Saturday, April 13, 2013

April 13th, 2013 - IPAbringer

Continuing the celebration of Ritchie Blackmore's birthday, a pairing of Deep Purple's 1974 album, "Stormbringer" and a Firestone Walker Union Jack India Pale Ale for you tonight!  This is dedicated to the mastery of Blackmore's brilliance and to my brother-in-law Nick!  Cheers!

Originally released in November of 1974, "Stormbringer" is DP's 9th studio album.  Blending hard rock, soul, blues, and funk, "Stormbringer" was definitely a bit of a departure from the band's heavier sound of the early 1970s.  Characterized by the wonderful and harmonious vocals of David Coverdale (who later formed Whitesnake) and bassist Glenn Hughes along with the brilliant drumming of Ian Paice, the keyboard wizardry of the late Jon Lord, and Blackmore's enchanting guitar work, "Stormbringer" is a brilliantly rich and toe-tapping good time of an album.  Maybe not as recognizable to casual listeners as earlier DP works, this album is intensely soulful and incredibly influential to the sound of English rock in the '70s.  A bit more "mellow" that previous albums, Blackmore's tone is amazingly warm and ethereal.  The rhythm section of Hughes and Paice is fantastic!  And Lord's keyboard work is grooving perfection... just listen to that Hammond organ on "High Ball Shooter"!!  With songs like the killer title track, feel-good "Hold On," the rockin' "Lady Double Dealer," the super funky "You Can't Do It Right (With The One You Love)," the kick-ass "High Ball Shooter," and the bluesy "Soldier Of Fortune," the "Stormbringer" album is a wonderful, underrated gem.  Man, I adore this album!  (Interesting side note: according to bassist Hughes, the opening backwards lyrics spoken by Coverdale at the beginning of the song "Stormbringer" are those from the backwards dialogue that Linda Blair says in "The Exorcist.")  Sadly, Blackmore would leave the band after the "Stormbringer" tour in '74-'75.  But he formed the mighty Rainbow as a result... so all is forgiven!  :)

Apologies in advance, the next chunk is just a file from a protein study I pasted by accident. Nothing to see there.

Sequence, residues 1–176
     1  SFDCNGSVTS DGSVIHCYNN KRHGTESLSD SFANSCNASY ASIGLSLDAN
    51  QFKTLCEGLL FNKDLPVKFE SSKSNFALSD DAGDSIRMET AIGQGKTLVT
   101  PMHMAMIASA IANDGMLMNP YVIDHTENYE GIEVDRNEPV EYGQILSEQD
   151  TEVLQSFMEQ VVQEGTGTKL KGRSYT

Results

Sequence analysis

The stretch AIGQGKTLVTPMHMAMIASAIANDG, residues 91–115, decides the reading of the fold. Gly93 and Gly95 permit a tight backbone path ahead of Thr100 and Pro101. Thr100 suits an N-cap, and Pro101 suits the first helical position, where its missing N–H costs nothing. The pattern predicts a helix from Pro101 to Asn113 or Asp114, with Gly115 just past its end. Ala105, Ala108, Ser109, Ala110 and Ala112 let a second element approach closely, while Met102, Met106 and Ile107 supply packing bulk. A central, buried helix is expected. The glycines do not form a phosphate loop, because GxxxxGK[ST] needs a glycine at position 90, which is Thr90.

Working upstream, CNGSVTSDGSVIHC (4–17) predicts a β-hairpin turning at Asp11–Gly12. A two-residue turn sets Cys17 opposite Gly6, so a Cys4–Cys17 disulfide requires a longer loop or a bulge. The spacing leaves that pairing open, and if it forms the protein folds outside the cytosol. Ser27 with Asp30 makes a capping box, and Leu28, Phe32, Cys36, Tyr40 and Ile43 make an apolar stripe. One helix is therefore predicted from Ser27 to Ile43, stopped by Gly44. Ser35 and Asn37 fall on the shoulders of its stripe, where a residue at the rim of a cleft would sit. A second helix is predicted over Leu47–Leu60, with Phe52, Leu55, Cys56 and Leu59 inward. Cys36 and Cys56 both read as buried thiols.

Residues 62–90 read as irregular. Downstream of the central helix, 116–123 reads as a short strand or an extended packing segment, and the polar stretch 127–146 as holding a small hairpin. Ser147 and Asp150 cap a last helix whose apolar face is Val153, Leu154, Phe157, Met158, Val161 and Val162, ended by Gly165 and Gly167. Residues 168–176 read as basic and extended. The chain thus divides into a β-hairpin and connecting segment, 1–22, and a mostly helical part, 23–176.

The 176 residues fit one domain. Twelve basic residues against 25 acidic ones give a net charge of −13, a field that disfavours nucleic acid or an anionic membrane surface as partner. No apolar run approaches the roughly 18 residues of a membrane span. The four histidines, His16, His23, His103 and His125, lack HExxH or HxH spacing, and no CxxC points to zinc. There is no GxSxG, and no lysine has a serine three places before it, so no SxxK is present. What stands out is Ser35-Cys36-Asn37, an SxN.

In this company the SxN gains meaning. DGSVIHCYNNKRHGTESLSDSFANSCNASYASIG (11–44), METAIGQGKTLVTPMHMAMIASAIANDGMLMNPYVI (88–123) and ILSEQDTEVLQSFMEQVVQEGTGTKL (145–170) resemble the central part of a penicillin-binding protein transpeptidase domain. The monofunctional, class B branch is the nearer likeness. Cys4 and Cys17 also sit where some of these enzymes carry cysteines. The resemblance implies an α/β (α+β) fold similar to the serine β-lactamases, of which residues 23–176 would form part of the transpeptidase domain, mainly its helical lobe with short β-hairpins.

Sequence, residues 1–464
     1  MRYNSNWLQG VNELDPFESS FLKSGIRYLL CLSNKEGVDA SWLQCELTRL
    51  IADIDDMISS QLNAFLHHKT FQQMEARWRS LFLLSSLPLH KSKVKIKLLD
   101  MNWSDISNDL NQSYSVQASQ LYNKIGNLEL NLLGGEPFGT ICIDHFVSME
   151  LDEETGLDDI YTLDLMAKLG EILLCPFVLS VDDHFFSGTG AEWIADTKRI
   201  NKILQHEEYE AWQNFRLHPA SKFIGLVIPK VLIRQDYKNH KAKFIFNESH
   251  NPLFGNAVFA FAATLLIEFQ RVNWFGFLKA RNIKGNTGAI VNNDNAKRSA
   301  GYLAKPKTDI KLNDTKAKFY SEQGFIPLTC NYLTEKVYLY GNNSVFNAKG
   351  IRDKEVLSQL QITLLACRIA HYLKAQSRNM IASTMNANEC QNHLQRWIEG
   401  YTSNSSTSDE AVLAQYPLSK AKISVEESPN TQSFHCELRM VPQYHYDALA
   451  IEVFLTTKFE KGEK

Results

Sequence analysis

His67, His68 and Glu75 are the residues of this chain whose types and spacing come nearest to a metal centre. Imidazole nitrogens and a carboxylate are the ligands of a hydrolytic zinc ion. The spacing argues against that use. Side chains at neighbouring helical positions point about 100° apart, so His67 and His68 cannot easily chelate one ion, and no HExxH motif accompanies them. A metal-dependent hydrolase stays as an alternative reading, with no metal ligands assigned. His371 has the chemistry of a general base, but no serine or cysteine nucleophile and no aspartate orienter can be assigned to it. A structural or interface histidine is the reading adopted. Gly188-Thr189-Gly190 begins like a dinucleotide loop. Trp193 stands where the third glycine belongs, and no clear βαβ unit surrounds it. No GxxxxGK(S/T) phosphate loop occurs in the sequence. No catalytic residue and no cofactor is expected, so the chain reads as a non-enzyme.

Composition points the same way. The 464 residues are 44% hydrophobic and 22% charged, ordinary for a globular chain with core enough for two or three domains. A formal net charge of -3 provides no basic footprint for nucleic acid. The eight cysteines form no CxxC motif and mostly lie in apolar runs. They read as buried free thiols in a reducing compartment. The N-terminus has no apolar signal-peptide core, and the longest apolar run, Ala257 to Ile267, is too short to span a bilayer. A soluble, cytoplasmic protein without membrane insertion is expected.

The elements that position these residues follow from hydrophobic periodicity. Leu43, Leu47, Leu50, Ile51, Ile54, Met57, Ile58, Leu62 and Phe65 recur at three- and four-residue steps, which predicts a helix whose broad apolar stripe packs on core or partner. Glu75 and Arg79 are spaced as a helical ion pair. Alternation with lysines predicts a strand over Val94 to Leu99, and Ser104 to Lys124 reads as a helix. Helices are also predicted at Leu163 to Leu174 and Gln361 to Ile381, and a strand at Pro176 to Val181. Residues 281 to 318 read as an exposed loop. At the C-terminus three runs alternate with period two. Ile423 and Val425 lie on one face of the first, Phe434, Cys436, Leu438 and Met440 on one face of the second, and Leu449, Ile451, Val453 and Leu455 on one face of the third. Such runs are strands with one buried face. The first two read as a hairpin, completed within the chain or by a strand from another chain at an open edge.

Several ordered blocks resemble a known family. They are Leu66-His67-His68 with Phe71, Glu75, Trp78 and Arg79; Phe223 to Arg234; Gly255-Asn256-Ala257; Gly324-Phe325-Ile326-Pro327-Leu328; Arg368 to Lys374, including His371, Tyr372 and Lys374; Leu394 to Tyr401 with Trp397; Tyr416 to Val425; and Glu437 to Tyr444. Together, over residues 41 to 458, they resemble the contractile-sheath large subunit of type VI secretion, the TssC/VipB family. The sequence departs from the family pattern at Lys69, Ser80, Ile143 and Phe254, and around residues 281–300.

Since "Stormbringer" is good-time rock and roll, I thought a hoppy and refreshing IPA in the American tradition would make for a nice pairing.  With a punchy 7.5% ABV kick, the Firestone Walker Union Jack IPA is a flavorful, citrusy, herbal, and bitterly crisp ale.  It pours a clear, golden amber in a pint glass with a one-finger head that displays good retention and lacing.  The nose is malty and piney... think freshly baked bread cooling on the windowsill of a forest cabin.  There are some lovely citrus notes in the aroma as well.  And those Simcoe hops (goddamn I love Simcoe!) hit you right between the eyes, like Blackmore's guitar tone!  Much like the nose, the flavor is wonderfully hoppy with notes of pine resin, malt, grapefruit and summer grass.  There's also some English toffee notes in there as well adding sweetness and depth.  Mmmm... this beer grooves... definitely one of the better American India Pales I've had as of late! 

Happy rockin'!  Happy drinkin'!  Cheers!

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